The yield is one of the biggest around, but some investors are shunning the tobacco sector. Our head of markets talks us through the latest trading update from this FTSE 100 giant.
British American Tobacco's (LSE:BATS) move away from traditional tobacco products is continuing apace, as significant investment into its “New Category” segment begins to take shape.
At the same time, and perhaps counterintuitively, the group is keen to stress its ESG, or green credentials, such as the aim of net zero deforestation in its supply chain and a net positive impact on forests within its tobacco leaf chain by 2025. Indeed, BATs is the only tobacco company in the Dow Jones Sustainability Indices World Index.
In an update ahead of annual results in February, BAT said the New Category revenue target of £5 billion by 2025 is well on track, and should contribute to profitability for the first time after a period of strong investment. Its Vuse vapour product is a global leader, while the tobacco heating product glo Hyper is enjoying strong volume share gains across all of its key markets. In the year to date it has added another 3.6 million customers in non-combustible products, more than 2020 as a whole.
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Cost savings also remain a focus as the company looks to shore up its financial position. It expects to report savings of £1 billion in this period, with the target remaining at £1.5 billion by the end of 2022. Meanwhile, the group’s extraordinary cash generation should enable a focus on reducing debt, with the possibility of a share buyback programme being another show of financial strength.
In the meantime, the exceptional dividend yield of 8.2% is an almost irresistible attraction for income-seeking investors, particularly set against the current interest rate backdrop and, indeed, the average FTSE100 yield of 3.5%.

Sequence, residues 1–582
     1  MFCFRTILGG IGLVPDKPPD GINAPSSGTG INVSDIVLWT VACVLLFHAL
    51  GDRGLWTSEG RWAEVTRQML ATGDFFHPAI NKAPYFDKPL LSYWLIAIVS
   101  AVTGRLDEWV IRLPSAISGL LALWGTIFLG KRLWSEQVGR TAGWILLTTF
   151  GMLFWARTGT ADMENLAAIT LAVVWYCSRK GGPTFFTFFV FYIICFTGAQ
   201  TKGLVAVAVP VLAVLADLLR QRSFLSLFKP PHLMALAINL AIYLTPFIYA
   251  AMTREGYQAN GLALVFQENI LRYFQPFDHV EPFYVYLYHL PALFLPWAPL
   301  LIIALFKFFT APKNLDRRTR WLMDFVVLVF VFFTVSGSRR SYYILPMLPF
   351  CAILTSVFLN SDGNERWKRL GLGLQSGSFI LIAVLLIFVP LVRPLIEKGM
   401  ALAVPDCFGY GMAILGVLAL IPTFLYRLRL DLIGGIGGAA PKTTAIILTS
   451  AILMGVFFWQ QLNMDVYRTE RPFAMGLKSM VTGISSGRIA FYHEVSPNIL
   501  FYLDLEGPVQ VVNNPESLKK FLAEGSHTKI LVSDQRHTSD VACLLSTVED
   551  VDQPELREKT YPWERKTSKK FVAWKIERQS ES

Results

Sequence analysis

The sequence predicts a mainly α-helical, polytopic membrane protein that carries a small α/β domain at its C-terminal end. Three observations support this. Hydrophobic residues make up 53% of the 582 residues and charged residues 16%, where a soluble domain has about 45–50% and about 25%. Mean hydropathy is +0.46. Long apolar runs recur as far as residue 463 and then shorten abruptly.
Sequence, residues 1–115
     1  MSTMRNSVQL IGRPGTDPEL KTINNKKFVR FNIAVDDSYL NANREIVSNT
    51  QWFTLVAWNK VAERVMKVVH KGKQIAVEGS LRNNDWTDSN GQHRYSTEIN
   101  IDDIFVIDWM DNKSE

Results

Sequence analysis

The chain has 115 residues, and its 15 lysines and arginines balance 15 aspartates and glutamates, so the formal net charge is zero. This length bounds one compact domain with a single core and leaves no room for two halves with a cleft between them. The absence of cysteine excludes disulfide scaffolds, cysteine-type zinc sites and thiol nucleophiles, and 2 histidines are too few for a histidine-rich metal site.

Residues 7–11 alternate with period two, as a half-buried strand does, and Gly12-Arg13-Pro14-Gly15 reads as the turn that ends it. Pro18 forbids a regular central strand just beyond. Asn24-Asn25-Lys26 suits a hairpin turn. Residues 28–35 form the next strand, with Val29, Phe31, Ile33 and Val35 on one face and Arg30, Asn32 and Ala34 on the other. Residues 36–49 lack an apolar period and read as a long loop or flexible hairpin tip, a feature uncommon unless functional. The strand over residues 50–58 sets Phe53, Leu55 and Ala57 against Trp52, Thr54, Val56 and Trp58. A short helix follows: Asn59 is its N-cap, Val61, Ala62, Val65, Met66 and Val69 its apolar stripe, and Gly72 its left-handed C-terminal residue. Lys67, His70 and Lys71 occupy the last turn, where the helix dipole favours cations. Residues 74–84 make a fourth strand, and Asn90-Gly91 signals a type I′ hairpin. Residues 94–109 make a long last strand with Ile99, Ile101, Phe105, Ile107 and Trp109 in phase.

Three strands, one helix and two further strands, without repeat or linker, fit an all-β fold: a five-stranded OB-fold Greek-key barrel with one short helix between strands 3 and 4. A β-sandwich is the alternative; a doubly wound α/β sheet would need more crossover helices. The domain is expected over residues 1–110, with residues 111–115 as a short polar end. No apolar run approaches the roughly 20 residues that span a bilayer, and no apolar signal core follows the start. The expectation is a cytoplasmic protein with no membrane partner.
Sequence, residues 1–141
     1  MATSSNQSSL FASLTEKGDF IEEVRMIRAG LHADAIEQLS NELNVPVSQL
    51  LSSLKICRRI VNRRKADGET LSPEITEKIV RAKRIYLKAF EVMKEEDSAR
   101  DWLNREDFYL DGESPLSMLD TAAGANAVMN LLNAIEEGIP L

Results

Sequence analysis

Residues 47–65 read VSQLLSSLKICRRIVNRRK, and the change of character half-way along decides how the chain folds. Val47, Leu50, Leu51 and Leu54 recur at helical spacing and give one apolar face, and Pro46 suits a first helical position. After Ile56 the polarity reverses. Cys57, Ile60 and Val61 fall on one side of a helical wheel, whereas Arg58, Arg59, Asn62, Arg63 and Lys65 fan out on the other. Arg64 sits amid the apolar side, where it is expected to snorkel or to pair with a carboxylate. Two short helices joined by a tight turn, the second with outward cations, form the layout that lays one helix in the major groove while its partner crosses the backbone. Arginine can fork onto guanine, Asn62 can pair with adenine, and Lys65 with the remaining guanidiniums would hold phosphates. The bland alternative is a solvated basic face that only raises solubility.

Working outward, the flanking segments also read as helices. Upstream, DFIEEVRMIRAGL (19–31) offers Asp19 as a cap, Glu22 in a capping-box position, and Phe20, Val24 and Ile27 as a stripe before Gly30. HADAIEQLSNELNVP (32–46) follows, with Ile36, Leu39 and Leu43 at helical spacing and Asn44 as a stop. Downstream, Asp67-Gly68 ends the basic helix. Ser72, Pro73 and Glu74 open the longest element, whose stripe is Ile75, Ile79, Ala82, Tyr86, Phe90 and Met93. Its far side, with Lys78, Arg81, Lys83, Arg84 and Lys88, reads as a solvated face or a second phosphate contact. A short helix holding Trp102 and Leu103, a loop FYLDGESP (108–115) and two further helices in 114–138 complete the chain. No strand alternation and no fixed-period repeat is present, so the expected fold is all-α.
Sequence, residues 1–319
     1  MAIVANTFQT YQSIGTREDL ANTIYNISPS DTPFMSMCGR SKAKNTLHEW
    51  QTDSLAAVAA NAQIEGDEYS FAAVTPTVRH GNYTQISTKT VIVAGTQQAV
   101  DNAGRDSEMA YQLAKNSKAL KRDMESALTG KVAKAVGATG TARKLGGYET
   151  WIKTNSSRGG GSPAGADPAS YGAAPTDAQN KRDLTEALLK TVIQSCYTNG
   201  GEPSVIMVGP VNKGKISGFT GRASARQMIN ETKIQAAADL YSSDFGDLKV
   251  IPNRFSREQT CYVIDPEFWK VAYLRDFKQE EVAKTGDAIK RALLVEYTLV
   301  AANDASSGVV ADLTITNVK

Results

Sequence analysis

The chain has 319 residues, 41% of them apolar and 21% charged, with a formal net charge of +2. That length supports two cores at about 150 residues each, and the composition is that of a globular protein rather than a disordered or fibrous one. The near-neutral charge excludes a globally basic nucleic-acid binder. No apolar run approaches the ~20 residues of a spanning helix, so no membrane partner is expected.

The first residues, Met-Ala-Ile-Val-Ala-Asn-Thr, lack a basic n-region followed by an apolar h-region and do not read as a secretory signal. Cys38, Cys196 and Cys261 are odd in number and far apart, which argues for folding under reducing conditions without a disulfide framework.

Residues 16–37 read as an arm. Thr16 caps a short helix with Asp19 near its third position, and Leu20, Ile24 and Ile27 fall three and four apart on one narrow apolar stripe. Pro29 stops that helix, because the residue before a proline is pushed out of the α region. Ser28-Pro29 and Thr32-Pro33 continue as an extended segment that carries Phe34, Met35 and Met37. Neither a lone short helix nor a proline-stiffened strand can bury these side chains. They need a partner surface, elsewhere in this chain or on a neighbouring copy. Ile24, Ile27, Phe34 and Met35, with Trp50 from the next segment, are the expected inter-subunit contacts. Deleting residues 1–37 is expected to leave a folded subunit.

For the time being, the bulk of BAT’s sales still come from traditional tobacco products, where strong pricing power and the sheer scale of its operations leave the company well placed for future investment in alternatives. As such, overall revenue growth for the period is expected to be 5%, despite the headwinds of lower margin Emerging Markets and lower US volumes muddying the water within the set of combustible products.
For BATs, the strategy is clear and the progress is measurable. However, the share price has been held back by the fact that there are many investors who will simply not touch the sector given the ethical issues, let alone the ever present threat of increased regulation. This is unlikely to change in the immediate future and is reflected by a price which has declined by 3.5% over the last year, as compared to a gain of 10% for the wider FTSE100.
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A gap has therefore emerged between the positive prospects for the company, set against some unwillingness from potential new investors. The market consensus, however, remains rooted as a "strong buy" as a reflection of the company’s strong cash generative ability, a punchy dividend yield and a discounted valuation.
While this conflict is likely to continue, there are also clear signs that BATs may be a rather different looking entity in the years to come.
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